Open data policies

The following post is an excerpt from my thesis entitled Linked open data for public sector information.
Principles describe goals that cover what should be achieved. The goals need to be linked to ways how to accomplish them. It needs to be clear how to implement goals and thus translate principles into action.
For this purpose, policies are made. They represent a pragmatic use of principles, prescribing requirements for behaviour and resulting actions. Priciples need to be distilled into policies, in order to provide direct guidance and practical steps to be taken by their implementers. Policies should supplement principles with motivations. They should explain their objectives along with their prospective outcomes. The motivations should be underlaid with benefits to be yielded or sanctions to be imposed on those disobeying the policy.
Another motivation to make public data more accessible and usable was presented in the research paper Government data and the invisible hand [1]. The proposal suggested that there should be a policy requiring public bodies to access their data in the same way the public may access them: “The policy route to realizing this principle is to require that federal government Web sites retrieve their published data using the same infrastructure that they have made available to the public” [Ibid., p. 170].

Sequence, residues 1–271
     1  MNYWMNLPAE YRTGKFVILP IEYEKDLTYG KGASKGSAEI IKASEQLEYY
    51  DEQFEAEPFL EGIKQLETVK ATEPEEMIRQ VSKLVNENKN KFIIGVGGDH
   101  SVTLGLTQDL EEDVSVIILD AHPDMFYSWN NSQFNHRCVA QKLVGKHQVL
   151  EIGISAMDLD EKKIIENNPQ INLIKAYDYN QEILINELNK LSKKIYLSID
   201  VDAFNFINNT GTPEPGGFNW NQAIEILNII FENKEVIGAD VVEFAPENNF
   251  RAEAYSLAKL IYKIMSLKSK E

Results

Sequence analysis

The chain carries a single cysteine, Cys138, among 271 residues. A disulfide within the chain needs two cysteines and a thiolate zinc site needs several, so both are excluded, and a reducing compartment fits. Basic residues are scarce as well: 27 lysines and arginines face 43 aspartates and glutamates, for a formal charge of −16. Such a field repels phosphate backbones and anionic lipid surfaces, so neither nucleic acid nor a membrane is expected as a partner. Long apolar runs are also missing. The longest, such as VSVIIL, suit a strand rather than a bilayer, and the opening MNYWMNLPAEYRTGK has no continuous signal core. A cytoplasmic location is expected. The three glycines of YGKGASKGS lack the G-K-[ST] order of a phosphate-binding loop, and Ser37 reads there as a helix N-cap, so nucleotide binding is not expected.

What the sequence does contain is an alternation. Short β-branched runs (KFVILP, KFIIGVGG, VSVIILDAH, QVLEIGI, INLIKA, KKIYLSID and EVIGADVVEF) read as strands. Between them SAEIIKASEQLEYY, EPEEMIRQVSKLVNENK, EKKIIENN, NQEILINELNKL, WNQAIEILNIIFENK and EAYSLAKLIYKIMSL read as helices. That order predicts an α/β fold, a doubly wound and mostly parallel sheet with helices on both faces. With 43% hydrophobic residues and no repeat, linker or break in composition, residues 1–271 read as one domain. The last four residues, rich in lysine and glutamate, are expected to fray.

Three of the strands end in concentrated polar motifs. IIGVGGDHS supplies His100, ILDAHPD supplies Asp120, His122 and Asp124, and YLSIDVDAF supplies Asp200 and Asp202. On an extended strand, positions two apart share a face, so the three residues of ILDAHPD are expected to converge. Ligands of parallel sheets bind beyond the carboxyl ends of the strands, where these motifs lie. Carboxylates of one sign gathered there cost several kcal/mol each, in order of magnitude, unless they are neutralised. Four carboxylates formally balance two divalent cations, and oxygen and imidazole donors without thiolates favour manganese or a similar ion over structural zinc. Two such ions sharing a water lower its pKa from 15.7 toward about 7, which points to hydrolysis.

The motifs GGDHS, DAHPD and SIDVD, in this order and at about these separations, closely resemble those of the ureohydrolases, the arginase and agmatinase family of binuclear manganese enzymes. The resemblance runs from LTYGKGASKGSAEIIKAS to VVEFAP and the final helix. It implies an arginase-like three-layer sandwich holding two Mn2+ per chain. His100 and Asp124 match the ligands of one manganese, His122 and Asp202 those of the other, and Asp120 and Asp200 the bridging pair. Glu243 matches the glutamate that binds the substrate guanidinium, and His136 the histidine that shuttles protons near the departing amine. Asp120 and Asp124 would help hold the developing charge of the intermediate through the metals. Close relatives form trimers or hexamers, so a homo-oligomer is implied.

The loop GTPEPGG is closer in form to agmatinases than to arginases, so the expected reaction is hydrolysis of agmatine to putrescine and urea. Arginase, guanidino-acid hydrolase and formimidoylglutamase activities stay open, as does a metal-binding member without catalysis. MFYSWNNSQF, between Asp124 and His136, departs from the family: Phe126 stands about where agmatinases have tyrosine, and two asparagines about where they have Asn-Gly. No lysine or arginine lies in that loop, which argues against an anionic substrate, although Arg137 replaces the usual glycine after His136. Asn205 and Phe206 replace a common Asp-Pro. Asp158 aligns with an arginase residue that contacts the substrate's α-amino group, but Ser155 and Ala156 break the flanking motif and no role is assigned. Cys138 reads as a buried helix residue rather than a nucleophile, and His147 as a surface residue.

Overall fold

Compliance with policies must be reviewable. Control mechanisms, such as performance indicators or tests, should be designed in order to determine if sanctions should be applied. A contact person must be designated to respond to people trying to use the data and address the complaints about violations of the principles embodied in open data policies. Open data policies were generally made in the last few years, however, the term “open data” appeared in a policy context several years before. Harlan Yu reports the earliest “open data policy” to be from the 1970s [2, p. 8]. It was a US science policy that insisted on NASA partners to have an “open-data policy comparable to that of NASA [...] particularly with respect to the public availability of data”.
Policies may be issued at different levels of the public sector, either at the level of state government or by local administrations. An example of an open data policy is the Open Government Directive from Barack Obama’s administration in the US, which ordered all agencies in the public sector to publish their non-classified datasets on the Web [3].


  1. ROBINSON, David G.; YU, Harlan; ZELLER, William P.; FELTEN, Edward W. Government data and the invisible hand. Yale Journal of Law & Technology. 2009, vol. 11, p. 160 — 175.
  2. YU, Harlan; ROBINSON, David G. The new ambiguity of “open government” [online]. Princeton CITP / Yale ISP Working Paper. Draft of February 28th, 2012. Available from WWW: http://ssrn.com/abstract=2012489
  3. ORSZAG, Peter R. Open government directive. M-10-06. Memorandum for the heads of executive departments and agencies. Washington: Executive Office of the President, December 8th, 2009. Also available from WWW: http://www.whitehouse.gov/sites/default/files/omb/assets/memoranda_2010/m10-06.pdf

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